Denied Flexible Working Hours

(19 Posts)
helloandthankyou Mon 02-Sep-19 22:34:34

Hi all,

Unfortunately my manager has denied my resent request to return to work after my maternity leave. I asked for two days a week; he wants a minimum of four days.

My salary does not cover childcare so I would be working at a loss and missing out on time with my baby (who is growing up fast!!) I don't think working for less than childcare costs, whilst missing out on some very special moments is really worth it just to stay employed. I could cope with paying out to be there for two days a week, but to pay for four seems too much.

My question is - if I choose to walk away from my role, where do I stand? Will I also be giving up the right to claim any benefits?


OP’s posts: |
helloandthankyou Mon 02-Sep-19 22:35:02

*recent request that should read

OP’s posts: |
notacooldad Mon 02-Sep-19 22:38:46

We were in tbe same position when we had our kids.
However we looked at the bigger picture of continuous employment, pension contributions etc. Looking back tbe time went in a flash.

Isleepinahedgefund Tue 03-Sep-19 17:23:02

You would be giving up a perfectly good job so yes I’d expect it would have an effect on your benefits claim.

You need to play the long game here. Life on benefits is not fun. You will not be able to spend all your time bonding with your child - You will have to start preparing to look for work when your child turns 2 and start working when they turn 3. You’ll be in a much better position if you keep the job you have and play the long game. Use the tax free childcare allowance. You’ll get 30 hours free from a certain age.

Have a look at this, particularly the table at the bottom.

AntiHop Tue 03-Sep-19 17:35:55

I'd call the maternity action advice line for advice on how it would affect claiming benefits.

lovemenorca Tue 03-Sep-19 17:37:08

No impact on benefits
No need to work until youngest is 3

TipseyTorvey Tue 03-Sep-19 17:41:19

I agree with isleepinahedgefund, the long game is the thing here. Even if you go back 4 days now, your manager may move on or other opportunities might come up that get you to 2 or 3 days in the future. The thing to think about is your pension, mortgage and employment prospects after several years of not working.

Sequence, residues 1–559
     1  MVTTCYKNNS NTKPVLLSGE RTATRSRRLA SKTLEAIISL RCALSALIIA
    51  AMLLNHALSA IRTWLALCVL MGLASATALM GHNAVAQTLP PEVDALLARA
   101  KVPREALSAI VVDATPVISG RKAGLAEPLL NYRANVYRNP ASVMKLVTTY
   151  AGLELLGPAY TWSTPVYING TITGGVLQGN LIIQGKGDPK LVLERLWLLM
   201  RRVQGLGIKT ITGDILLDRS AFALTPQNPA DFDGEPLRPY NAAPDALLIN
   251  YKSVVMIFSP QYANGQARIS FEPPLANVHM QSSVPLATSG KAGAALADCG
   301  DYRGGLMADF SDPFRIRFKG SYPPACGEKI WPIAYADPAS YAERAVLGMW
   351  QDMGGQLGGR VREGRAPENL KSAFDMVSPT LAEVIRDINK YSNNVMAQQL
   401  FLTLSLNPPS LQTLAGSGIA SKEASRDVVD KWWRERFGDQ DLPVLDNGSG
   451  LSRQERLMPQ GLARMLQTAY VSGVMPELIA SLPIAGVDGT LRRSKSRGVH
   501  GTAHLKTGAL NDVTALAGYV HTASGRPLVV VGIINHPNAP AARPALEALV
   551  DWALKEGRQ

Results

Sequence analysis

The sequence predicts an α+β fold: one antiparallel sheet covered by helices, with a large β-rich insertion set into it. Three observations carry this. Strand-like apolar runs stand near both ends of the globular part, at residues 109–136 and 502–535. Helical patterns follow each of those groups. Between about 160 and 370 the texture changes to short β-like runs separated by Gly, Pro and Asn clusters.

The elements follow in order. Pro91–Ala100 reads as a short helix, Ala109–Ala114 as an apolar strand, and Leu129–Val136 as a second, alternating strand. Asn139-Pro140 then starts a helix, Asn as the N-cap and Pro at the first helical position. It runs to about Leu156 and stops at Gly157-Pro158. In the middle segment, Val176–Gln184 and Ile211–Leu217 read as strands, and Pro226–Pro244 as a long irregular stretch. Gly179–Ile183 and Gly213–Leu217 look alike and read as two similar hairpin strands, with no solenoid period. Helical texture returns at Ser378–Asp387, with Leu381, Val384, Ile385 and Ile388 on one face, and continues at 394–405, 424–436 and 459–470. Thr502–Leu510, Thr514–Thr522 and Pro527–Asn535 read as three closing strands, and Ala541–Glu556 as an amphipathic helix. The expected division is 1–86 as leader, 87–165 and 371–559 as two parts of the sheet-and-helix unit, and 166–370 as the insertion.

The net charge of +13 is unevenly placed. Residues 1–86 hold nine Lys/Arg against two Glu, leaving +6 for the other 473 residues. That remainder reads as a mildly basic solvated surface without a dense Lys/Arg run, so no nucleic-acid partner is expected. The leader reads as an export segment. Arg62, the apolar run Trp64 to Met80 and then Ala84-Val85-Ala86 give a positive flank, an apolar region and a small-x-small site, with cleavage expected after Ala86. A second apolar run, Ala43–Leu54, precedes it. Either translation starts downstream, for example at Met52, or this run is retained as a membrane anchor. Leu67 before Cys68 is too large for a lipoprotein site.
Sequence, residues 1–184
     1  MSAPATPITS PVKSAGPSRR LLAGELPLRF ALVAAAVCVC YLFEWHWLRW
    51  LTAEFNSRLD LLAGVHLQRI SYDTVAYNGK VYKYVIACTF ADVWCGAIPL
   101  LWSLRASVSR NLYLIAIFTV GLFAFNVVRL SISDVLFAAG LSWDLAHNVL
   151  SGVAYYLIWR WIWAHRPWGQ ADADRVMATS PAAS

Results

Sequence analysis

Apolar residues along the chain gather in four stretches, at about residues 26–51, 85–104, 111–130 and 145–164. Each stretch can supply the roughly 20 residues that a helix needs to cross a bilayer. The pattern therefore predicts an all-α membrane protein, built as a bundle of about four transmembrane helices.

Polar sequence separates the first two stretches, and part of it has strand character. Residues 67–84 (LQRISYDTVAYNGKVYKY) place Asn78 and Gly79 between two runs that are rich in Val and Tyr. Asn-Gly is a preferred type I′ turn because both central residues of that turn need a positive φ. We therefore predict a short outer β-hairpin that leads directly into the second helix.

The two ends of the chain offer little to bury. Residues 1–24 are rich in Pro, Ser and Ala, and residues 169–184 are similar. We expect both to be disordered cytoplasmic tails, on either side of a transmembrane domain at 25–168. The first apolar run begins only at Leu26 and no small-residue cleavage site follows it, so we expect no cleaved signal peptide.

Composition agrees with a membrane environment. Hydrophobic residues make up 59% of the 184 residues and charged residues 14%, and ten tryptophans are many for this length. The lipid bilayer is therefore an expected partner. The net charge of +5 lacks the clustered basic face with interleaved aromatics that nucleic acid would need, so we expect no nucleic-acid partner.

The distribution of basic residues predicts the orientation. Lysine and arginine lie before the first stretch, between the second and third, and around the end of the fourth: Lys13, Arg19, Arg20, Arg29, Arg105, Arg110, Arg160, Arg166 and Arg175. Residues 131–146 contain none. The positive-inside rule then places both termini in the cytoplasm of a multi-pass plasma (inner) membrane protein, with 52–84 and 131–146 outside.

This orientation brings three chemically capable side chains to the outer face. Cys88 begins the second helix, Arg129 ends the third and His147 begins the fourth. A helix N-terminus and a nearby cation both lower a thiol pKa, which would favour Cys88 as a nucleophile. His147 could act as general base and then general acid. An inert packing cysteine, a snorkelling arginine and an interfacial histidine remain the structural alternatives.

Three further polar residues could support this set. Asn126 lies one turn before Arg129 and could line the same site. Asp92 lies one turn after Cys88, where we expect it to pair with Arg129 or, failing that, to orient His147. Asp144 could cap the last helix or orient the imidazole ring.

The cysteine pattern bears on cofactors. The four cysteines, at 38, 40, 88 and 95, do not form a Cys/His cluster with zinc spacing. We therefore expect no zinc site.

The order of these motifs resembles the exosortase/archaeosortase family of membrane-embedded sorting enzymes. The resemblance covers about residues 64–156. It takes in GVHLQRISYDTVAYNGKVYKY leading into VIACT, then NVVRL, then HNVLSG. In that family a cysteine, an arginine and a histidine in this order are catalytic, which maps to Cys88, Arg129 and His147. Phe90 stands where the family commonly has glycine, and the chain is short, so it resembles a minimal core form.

ELM8 Tue 03-Sep-19 17:46:19

Agree about the long game. Also, double check what happens with your maternity pay if you don't go back, as some places make you pay it back.

helloandthankyou Tue 03-Sep-19 18:57:52

Thanks guys

Forgot to mention that my job is also a 2.5 hour commute each way. So five hours of driving each day, eight hours of work.

OP’s posts: |
helloandthankyou Tue 03-Sep-19 18:58:25

They have said they are happy for me to just not return as I didn’t receive maternity pay from them

OP’s posts: |
NoBaggyPants Tue 03-Sep-19 19:00:38

Look for something closer to home?

Do you have a partner? Are you eligible for help with childcare costs under Universal Credit?

blackcat86 Tue 03-Sep-19 19:01:13

Are you planning another baby? Could you return for the min period and then go off with DC2? Serious question as I have a friend in a similar position and this is what she is doing. That way she has condensed her time out of the workforce, will go back for the min time again and then apply for jobs that work better for her.

helloandthankyou Tue 03-Sep-19 19:45:49

I'm not sure that I could do that drive every day even for a week! I went in for my work meeting and was shattered for a few days afterwards.

I think I will look for something a little closer to home and also keep running my wedding photography business.

I'm not sure if we are eligible for help or not. Partner earns over £16k a year so is not classed as a low earner

OP’s posts: |
Sunshine196 Tue 03-Sep-19 20:24:31

I would expect you will be entitled to some financial help if that is your partners wage. 2.5 hour commute each way with a small child isn't realistic. I'd definitely look for something else

Sunshine196 Tue 03-Sep-19 20:26:55

Sorry I misread your post about partners wage. Still, it doesn't sound like your current role is suitable with 2 kids & associated childcare costs. I got made redundant just after mat leave & retrained as a childminder. I don't earn mega bucks although I earn much more than my previous role as not paying childcare for my own. it's worked brilliantly for us so far. Hope you get sorted.

Me33 Fri 06-Sep-19 20:50:17

You can get up to 70% of childcare costs paid under universal credit. Your partner is on minimum wage so depending on your wage there’s a chance you could get some help. Have a look at there is a calculator on there that will work out what you can get.

carly2803 Fri 06-Sep-19 22:04:52

its 85%now on universal credit

personally i would work part time, use UC and enjoythe best of both worlds!

GoneToTheDock Fri 06-Sep-19 22:09:00

2.5 hours EACH WAY??? I guess you were quite well paid? What is it you do?

Can you find something closer to home or move?

Daffodil2018 Wed 09-Oct-19 16:01:36

Have you moved during mat leave or were you commuting 5 hours a day while you were pregnant? shock

Join the discussion

To comment on this thread you need to create a Mumsnet account.

Join Mumsnet

Already have a Mumsnet account? Log in